Sinn Féin has confirmed that it will accept the draft deal aimed at restoring power-sharing in Northern Ireland.
Speaking in Stormont this evening, party leader Mary Lou McDonald said the deal tabled by the British and Irish Governments offered a basis for the restoration of the Executive.
The DUP has already indicated that it will accept the deal.
Deputy McDonald said her party is anxious to “get to work as soon as possible” but said there is still no date for the re-opening of Stormont.
She said all parties must re-enter on the “basis of equality and respect.”
“The biggest and most significant challenge will be ensuring that we have genuine power-sharing based on equality, respect and integrity,” she said.
“I believe power-sharing can work. That requires everyone to step up. Sinn Féin’s commitment is to do all in our power to make this happen.”
“We need to have an inclusive executive.”
New Decade, New Approach
She said the deal offers official legal recognition of the Irish language for the first time, along with an Irish language commissioner and increased Irish language funding.
She said new legislation to deal with legacy issues would be delivered within 100 days, while the ‘petition of concern’ system will be reformed to “end its misuse as a veto by one political party” in the Executive.
“The first action, we believe, of the incoming Executive must be to deliver pay parity to health workers,” she said.
She said the deal also includes proposals for supporting teachers, extending welfare mitigation, protecting workers rights and tackling climate change.
Shortly afterward, the SDLP confirmed that it was also accepting the deal and would “go into Government to make sure this government is one that delivers for people across the North.”
Party leader Colum Eastwood said: “People are dying in our mental health crisis, our waiting lists are far too long,”
“This deal is not perfect – but we need to get back to work.”
He said politicians in North now have an opportunity "show we can make this place work" and start delivering for people.
— SDLP (@SDLPlive) January 10, 2020
In her speech, Deputy McDonald warned that Sinn Féin wants to “reject in the strongest possible terms” British Government commitments to the DUP on flags and other issues.
“These are not part of this agreement,” she said.
“Indeed in our view they fly in the face of the Good Friday Agreement and they represent bad faith and it is disappointing that the Irish Government acquiesced to these measures.”
She said does not expect the Executive to crash down at the first hurdle.
“I believe if there is the serious of intent that certainly I have detected. If there and a real sense that lessons have been learned and a real understanding of the very, very pressing needs now right across our society, I don’t believe that any responsible leader worth their salt would be contemplating anything crashing down,” she said.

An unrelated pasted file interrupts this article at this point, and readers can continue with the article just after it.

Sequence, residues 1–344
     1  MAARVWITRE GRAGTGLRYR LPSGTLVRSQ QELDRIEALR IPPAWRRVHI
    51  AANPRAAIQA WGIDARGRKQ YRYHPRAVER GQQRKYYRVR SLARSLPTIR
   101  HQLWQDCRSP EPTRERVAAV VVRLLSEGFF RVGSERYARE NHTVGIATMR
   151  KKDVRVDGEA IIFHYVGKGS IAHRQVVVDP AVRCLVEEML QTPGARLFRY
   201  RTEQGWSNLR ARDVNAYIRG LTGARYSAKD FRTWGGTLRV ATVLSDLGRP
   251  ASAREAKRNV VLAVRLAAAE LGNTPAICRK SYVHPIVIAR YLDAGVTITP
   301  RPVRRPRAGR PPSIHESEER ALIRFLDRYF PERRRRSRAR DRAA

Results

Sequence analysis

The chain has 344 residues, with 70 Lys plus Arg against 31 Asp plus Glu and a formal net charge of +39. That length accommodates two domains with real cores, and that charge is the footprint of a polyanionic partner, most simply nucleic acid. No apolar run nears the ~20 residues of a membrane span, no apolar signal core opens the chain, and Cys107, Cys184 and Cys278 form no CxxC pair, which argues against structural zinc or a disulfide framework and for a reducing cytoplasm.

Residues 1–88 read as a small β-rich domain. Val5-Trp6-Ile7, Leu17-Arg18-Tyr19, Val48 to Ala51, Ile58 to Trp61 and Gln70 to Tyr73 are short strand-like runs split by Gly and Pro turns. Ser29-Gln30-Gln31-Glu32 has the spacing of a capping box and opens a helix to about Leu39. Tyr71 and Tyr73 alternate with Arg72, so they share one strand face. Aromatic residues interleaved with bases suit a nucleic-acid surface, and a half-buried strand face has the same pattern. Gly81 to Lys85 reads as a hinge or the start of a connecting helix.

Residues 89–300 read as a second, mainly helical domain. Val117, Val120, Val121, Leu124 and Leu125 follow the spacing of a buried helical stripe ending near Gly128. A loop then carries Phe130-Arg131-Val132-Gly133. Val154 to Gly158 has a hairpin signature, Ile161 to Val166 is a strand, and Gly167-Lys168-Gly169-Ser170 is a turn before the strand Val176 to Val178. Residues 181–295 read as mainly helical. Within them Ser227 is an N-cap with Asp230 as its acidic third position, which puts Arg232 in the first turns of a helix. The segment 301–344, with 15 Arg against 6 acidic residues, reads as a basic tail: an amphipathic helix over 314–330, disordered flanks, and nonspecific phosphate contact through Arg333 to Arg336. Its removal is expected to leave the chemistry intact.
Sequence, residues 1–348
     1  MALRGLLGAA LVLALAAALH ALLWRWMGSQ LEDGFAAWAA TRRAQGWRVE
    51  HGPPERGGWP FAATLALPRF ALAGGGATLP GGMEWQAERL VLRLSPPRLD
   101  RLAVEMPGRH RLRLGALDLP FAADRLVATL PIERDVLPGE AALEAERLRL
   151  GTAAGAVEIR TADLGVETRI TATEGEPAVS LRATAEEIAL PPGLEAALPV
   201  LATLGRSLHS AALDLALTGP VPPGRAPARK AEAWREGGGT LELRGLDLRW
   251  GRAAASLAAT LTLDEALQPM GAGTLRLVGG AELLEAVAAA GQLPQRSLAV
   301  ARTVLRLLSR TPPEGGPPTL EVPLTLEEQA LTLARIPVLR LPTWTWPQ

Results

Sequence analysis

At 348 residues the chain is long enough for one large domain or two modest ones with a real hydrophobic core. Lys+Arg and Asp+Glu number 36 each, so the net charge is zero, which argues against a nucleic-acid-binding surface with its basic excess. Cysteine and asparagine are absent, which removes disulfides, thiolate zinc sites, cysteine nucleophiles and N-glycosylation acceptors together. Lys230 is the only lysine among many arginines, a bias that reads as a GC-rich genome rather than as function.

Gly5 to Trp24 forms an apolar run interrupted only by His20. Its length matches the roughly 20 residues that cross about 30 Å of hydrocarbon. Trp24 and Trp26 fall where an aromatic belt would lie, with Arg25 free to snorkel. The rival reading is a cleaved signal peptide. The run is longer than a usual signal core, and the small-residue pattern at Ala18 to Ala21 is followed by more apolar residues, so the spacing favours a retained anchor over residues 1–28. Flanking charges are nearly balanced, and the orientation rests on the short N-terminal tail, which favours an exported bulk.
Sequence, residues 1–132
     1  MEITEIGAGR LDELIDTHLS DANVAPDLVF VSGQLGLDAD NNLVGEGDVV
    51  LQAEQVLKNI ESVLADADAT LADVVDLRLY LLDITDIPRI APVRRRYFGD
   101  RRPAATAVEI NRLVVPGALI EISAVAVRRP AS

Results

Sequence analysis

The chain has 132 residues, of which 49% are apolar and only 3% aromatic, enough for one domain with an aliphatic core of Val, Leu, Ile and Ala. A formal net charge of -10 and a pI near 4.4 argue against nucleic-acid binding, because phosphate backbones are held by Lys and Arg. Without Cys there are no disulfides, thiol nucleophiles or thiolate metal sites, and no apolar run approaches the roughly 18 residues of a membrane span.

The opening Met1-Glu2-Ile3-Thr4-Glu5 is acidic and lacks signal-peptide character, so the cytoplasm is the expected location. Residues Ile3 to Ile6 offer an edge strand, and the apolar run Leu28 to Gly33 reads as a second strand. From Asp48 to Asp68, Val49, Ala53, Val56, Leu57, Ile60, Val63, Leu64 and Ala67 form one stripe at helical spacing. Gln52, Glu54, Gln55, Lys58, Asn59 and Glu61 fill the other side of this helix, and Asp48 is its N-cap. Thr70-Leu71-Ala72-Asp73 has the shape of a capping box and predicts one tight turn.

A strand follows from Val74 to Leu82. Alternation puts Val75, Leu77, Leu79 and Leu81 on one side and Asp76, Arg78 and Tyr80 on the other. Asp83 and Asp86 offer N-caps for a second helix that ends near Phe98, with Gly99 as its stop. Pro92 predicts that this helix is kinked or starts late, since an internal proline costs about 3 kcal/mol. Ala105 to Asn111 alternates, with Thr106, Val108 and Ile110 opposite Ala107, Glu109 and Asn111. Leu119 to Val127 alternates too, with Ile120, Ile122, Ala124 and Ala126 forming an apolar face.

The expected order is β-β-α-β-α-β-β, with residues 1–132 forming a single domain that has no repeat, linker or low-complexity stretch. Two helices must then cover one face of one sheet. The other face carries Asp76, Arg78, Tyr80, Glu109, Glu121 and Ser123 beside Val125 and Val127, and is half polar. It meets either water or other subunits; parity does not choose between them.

She said the coming months will be about building and solidifying relationships because “the challenges of this time are absolutely immense.”
She warned however that Sinn Féin’s support of the restoration of power-sharing does not come at the expense of its commitment to a united Ireland.
“At these historic times, we will also continue to work for Irish re-unification and we want to ensure that the criteria for ensuring the triggering of an Irish unity poll are set out and that planning for Irish unity is stepped up – including the convening of a national forum to discuss and plan for the future,” she said.
History in the making
Speaking to reporters after the Sinn Féin announcement, the Tánaiste Simon Coveney said: “History is being made today.”
“We now have confirmation from the two largest parties in Northern Ireland that they both are committed to re-entering an Executive and establishing a functioning Stormont Assembly again,” he said.
“Of course that's not the end of the story because we want this to be an all-party Executive – and so I hope that the Alliance Party, the SDLP and UUP will be able to join Sinn Féin and the DUP in that new Executive.”
He said the murder of journalist Lyra McKee brought a sense of urgency to the political impasse in the North.
"This process started again formally about nine months ago after the tragic murder of Lyra McKee," he said.
"I spoke to Lyra's sister this morning, who I think was really relieved and excited about the prospect of a funciton Stormont again - which I think tells you a lot about the kind of family they are and the kind of person she is."
“Fair and balanced”
DUP leader Arlene Foster yesterday said the deal “provides a basis upon which the Assembly and Executive can re-established in a fair and balanced way.”
“This is not a perfect deal and there are elements within it which we recognise are the product of long negotiations and represent compromise outcomes,” she said.
“There will always need to be give and take.”